A brief response to Aaron Schmidt’s excellent post on the possible end of libraries role as content providers. (this is an expanded version of a comment I left there).
I agree entirely with Aaron that there’s a future to libraries beyond content provision — we could go into details if some folks are still worried about that, but I’m not. And if users get their content from somewhere else due to natural changes in the environment, we need not be alarmed, but instead focused on other remaining needs we are positioned to fulfill. Libraries undoubtedly face great challenges right now, requiring a re-orientation of organizational resource allocations, but it’s not the end of the trip for libraries.
But we also ought not to sanguinely accept publisher’s attempts to illegalize libraries’ traditional content provision business in the “1s and 0s” market, like they would have liked to even in the print market. We should fight it with tooth and nail.
It may (soon) no longer be necessary to have a whole bunch of content in one place to provide a good research environment. But that’s not the only reason libraries have been in the content provision business. We’ve also been in that business in order to provide affordable access to content via collective purchasing and cooperative sharing, access to content individuals would not be able to afford on their own. This is in fact a common mission to both public and academic libraries.
If the need for that kind of collectively purchased content provision were to go away, so be it, no cause for alarm. But if the need is still very much there but publishers and rightsholders are trying to push us out of filling it in the digital market the way they’d like to but can’t push us out of filling it in the physical market — that’s cause for alarm. And I don’t see the need going away, I see it only increasing.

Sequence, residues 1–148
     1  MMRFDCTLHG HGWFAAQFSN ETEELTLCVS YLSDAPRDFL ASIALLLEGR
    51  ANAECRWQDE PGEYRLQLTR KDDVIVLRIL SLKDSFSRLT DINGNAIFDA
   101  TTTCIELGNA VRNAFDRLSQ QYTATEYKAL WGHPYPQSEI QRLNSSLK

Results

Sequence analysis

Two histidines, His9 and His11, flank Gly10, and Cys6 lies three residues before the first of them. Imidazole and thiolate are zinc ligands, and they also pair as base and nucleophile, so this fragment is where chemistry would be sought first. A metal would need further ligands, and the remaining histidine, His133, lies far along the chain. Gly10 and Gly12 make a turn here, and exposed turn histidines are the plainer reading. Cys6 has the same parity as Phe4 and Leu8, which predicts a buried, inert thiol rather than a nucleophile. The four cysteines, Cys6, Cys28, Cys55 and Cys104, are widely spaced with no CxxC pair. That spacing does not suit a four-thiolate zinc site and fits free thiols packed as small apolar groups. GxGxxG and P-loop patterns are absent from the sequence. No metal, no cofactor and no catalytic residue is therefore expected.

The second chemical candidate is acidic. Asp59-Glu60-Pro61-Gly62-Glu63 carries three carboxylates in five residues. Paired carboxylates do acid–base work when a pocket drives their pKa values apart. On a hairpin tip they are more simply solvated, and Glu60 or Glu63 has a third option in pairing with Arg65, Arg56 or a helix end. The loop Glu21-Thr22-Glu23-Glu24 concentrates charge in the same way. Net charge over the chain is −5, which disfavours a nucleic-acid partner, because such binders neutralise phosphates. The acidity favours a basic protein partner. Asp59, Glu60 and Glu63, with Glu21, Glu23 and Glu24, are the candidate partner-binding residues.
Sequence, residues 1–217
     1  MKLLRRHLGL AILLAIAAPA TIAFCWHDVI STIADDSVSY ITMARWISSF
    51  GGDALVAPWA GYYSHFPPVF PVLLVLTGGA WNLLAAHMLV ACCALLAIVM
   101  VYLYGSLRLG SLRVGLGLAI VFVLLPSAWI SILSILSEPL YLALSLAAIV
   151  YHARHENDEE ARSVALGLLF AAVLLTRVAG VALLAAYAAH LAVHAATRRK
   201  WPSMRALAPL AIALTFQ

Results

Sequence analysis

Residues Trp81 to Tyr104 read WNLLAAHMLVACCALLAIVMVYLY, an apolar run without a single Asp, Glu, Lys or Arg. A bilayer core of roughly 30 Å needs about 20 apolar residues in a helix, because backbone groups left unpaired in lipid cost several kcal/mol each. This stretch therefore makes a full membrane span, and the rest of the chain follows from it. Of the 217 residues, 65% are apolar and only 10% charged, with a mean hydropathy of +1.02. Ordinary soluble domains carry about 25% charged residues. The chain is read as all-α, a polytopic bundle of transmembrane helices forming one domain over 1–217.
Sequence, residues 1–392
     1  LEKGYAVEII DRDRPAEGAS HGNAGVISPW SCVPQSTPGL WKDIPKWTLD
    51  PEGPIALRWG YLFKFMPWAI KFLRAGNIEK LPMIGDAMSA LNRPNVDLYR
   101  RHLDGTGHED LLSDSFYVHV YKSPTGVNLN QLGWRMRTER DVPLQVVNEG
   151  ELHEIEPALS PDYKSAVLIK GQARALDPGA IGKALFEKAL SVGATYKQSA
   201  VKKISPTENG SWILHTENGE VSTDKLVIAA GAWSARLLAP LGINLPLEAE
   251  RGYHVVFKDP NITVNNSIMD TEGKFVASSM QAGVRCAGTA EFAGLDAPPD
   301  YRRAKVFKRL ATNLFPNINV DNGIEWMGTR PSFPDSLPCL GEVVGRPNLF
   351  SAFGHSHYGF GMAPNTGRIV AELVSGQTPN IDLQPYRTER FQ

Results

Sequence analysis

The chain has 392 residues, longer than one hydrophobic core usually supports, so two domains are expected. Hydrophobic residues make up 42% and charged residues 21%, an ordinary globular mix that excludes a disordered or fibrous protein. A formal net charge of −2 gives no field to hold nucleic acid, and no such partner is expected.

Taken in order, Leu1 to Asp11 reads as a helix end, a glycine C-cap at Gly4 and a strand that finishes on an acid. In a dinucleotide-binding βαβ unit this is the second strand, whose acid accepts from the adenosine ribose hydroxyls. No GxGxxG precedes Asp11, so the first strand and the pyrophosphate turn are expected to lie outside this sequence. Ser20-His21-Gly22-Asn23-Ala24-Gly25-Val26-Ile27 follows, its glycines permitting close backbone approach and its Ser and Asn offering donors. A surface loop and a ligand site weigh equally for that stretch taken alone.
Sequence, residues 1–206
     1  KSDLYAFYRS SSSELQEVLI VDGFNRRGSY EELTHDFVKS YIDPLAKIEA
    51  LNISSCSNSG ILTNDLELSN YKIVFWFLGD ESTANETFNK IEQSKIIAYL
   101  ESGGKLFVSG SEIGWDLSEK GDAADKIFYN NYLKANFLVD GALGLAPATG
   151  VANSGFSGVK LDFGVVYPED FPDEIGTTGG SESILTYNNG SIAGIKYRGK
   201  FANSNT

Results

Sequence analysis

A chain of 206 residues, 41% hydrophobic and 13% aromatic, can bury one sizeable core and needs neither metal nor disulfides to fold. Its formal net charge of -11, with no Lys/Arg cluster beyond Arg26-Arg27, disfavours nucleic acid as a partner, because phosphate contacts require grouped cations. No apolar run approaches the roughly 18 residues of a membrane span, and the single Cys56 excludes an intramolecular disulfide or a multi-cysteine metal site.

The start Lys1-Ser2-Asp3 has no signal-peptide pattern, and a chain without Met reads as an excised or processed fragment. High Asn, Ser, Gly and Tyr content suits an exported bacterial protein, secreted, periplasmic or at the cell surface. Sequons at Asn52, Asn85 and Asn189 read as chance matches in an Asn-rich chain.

Publishers would like to charge us a per-use fee even for the printed materials in our collection. Why, they might think, should we be able to buy a book once and let lots of people read it? That’s book sharing! There are historical accidents and precedents that are one explanation of why they can’t get away with this, but the reason they should not be able to get away with this is because by collectively purchasing and sharing content libraries are able provide collective access to information that is necessary for a democratic civic society, for personal enlightenment and improvement, and for teaching and scholarship.
Just as neccesary in the coming digital world as it is in the Guttenberg world, and indeed was in the pre-Guttenberg world. The printing press made it more possible and feasible for libraries to collect recorded human output and share it affordably with those libraries users. Will the digital transition make it less possible and feasible instead? The technology of the digital transition, bringing the marginal cost of reproduction of recorded knowledge close to zero, ought to facillitate libraries content provision mission. But the legal environment, managed for the benefit of rightsholders instead of the public, is accomplshing the reverse, and that would be a step backwards. It is the historic role of libraries to push back. How are we doing?